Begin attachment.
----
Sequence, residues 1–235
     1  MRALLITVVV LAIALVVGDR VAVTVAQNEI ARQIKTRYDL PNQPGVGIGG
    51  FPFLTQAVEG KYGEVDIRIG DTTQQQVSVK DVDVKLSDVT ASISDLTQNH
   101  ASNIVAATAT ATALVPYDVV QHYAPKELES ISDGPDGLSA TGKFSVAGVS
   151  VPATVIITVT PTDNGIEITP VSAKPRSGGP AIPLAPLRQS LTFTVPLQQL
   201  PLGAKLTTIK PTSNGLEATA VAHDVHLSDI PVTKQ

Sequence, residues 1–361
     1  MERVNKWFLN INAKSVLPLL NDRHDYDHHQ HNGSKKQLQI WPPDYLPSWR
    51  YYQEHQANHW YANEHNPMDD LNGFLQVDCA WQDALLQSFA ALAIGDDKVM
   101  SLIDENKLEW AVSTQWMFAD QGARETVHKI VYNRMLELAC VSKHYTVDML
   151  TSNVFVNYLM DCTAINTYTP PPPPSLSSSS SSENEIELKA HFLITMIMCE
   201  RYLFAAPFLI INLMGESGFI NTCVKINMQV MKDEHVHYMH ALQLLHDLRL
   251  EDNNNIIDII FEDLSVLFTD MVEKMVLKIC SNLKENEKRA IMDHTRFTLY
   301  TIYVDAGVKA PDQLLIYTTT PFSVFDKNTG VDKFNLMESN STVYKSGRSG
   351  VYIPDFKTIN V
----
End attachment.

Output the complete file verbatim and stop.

Sequence, residues 1–235
     1  MRALLITVVV LAIALVVGDR VAVTVAQNEI ARQIKTRYDL PNQPGVGIGG
    51  FPFLTQAVEG KYGEVDIRIG DTTQQQVSVK DVDVKLSDVT ASISDLTQNH
   101  ASNIVAATAT ATALVPYDVV QHYAPKELES ISDGPDGLSA TGKFSVAGVS
   151  VPATVIITVT PTDNGIEITP VSAKPRSGGP AIPLAPLRQS LTFTVPLQQL
   201  PLGAKLTTIK PTSNGLEATA VAHDVHLSDI PVTKQ

Sequence, residues 1–361
     1  MERVNKWFLN INAKSVLPLL NDRHDYDHHQ HNGSKKQLQI WPPDYLPSWR
    51  YYQEHQANHW YANEHNPMDD LNGFLQVDCA WQDALLQSFA ALAIGDDKVM
   101  SLIDENKLEW AVSTQWMFAD QGARETVHKI VYNRMLELAC VSKHYTVDML
   151  TSNVFVNYLM DCTAINTYTP PPPPSLSSSS SSENEIELKA HFLITMIMCE
   201  RYLFAAPFLI INLMGESGFI NTCVKINMQV MKDEHVHYMH ALQLLHDLRL
   251  EDNNNIIDII FEDLSVLFTD MVEKMVLKIC SNLKENEKRA IMDHTRFTLY
   301  TIYVDAGVKA PDQLLIYTTT PFSVFDKNTG VDKFNLMESN STVYKSGRSG
   351  VYIPDFKTIN V